These tasks can include setting up your SIPP, changing your investments, or closing your account. Administration fees are most commonly charged as a flat fee, and you can find all of your SIPP provider’s fees in their terms and conditions

Transfer Out Fees

If you decide to move your SIPP to another provider, you may be charged a transfer-out fee. This fee covers the costs of moving your investments and closing your account.

If you transfer as ‘cash’, your current provider will need to sell all of your investments for you and send the money to your new provider. It’s worth checking the cheapest way to instruct these sales (e.g., online vs over the phone or in the post) to make sure you are doing it cost-effectively

If you choose to transferin-specie’, which means your stocks aren’t sold but are instead re-registered with your new provider, then it can get more expensive. The benefit is that you don’t miss out on any potential market gains and stay invested throughout your transfer, but it can often be much more expensive. 

Withdrawal Fees

Once you reach retirement age and start withdrawing money from your SIPP, you may incur withdrawal fees. These fees can be a flat rate per withdrawal or a percentage of the amount withdrawn.

Some providers may offer a certain number of free withdrawals per year, and some allow for completely free withdrawals. 

Financial Advisor Fees

If you decide to enlist the help of a financial advisor, you’ll need to factor in their fees. Financial advisors typically charge a percentage of your account balance, an hourly rate, or a fixed fee for their services.

For ongoing investment management, you can expect to pay between 0.5% to 1.5% of your portfolio value per year depending on the specific service.

Tips for Reducing SIPP Fees

If you’re looking to minimise the fees associated with your SIPP, here are some tips that could help:

Shop around

Comparing different SIPP providers is crucial. You might find that some providers have lower fees for the services or investment options you’re interested in. Weighing up your specific portfolio between different providers is really important. 

Consider passive investments

Passive investments, like index funds or exchange-traded funds (ETFs), typically have lower fees compared to actively managed funds. These investments track the performance of a specific index, like the FTSE 100, and can be a cost-effective way to build a diversified portfolio.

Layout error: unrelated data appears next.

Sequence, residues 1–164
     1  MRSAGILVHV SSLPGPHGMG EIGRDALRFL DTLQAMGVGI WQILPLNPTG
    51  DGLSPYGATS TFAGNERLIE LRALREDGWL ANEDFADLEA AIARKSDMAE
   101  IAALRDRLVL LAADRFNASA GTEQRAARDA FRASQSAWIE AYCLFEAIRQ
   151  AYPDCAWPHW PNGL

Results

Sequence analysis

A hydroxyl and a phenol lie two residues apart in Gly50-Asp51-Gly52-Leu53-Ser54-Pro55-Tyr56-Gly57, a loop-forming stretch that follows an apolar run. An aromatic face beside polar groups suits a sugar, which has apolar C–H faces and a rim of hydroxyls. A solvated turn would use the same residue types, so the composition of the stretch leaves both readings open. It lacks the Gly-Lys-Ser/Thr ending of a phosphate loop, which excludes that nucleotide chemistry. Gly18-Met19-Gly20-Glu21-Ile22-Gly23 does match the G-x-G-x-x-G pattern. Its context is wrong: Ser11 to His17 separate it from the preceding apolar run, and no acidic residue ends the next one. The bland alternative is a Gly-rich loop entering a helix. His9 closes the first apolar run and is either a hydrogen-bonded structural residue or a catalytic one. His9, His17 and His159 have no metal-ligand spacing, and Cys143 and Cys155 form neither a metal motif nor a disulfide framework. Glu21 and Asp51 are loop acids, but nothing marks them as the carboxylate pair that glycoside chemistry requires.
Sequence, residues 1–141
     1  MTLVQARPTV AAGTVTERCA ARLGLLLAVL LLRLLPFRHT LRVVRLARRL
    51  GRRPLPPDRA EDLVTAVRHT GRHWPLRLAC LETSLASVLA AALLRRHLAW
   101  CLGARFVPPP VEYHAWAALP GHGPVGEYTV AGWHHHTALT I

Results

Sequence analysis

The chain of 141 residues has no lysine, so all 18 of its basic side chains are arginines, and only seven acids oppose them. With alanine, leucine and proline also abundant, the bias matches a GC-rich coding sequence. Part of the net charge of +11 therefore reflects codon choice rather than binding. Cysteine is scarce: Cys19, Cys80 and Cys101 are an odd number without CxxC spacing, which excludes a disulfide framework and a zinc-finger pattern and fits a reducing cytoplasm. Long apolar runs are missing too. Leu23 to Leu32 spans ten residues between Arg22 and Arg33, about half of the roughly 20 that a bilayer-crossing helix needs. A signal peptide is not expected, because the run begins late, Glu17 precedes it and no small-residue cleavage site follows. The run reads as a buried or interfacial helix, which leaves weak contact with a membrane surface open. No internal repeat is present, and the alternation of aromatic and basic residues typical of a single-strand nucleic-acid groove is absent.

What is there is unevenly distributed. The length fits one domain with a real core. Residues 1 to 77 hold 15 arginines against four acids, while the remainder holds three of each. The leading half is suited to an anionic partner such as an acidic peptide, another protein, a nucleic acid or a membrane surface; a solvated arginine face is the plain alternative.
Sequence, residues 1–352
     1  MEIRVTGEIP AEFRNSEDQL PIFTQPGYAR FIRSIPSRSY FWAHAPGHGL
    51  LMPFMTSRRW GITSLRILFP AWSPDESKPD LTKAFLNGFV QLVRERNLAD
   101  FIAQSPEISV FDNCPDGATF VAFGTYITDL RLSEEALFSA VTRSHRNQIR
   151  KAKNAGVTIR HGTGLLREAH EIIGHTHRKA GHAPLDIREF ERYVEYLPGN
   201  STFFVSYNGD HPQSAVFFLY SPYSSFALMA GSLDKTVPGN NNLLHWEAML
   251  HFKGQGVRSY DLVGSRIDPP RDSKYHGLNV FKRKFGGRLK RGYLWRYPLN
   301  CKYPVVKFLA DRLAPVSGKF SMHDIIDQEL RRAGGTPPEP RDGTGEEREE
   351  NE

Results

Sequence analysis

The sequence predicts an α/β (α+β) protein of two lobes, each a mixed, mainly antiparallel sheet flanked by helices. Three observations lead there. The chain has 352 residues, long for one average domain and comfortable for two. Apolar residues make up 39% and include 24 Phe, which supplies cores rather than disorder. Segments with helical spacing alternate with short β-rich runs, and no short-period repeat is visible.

Look for fee discounts

Some providers may offer discounts on fees if you have a larger pension pot or if you’re a frequent trader. Check with your provider to see if you’d be eligible for any discounts.

Be careful about frequent trading

Regular trading can be expensive, so unless you really know what you’re doing and are outperforming the fees with your investment decisions, it might be more cost-effective to pick investments for the long term and stick with them. 

Consolidate your pensions

If you have multiple pension pots, consolidating them into a single SIPP could potentially reduce your overall fees (for example, you could benefit from the lower charges of a tiered fee structure if your portfolio reaches a certain value).

However, be cautious and make sure to check for any exit fees or potential loss of benefits before transferring.

How to Compare SIPP Fees

When comparing SIPP providers, it’s essential to consider not only the fees themselves but also the services and investment options they offer. Here’s a simple process to follow:

  1. Think about what you need from a SIPP provider, such as specific investment options, access to financial advice, or an easy-to-use platform.
  2. Look up several SIPP providers and gather information about their fees, services, and investment options.
  3. Make a side-by-side comparison of each provider’s fees. Consider both ongoing fees and one-off charges, such as dealing fees and administration fees.
  4. Don’t forget to consider the additional services each provider offers, such as financial advice, educational resources, or customer support.
  5. Choose a provider that meets your needs and offers competitive fees. Remember, the cheapest option may not always be the best fit, so weigh the costs against the value of the services and investment options provided.


Is a SIPP Cheaper Than a Standard Pension?

A SIPP can be cheaper than a standard pension, depending on the fees associated with each.

Some SIPP providers offer lower fees for self-directed investors, while standard pension providers may charge higher fees for active management. It’s essential to compare fees and services to determine which option is more cost-effective for you.

Who Is the Cheapest SIPP Provider?

The cheapest SIPP provider will vary depending on your specific needs and investment choices. It’s essential to compare the fees of multiple providers and consider the value of the services they offer before making a decision.

What Is the Average Pension Fund Fee?

The average pension fund fee will depend on factors such as the type of pension, the provider, and the investment options chosen. 

As a rough guide, actively managed pension funds may charge fees of around 1-2% per year, while passive funds, such as index trackers, may charge fees as low as 0.1-0.5% per year. 

Always check the specific fees associated with your pension fund to get an accurate picture.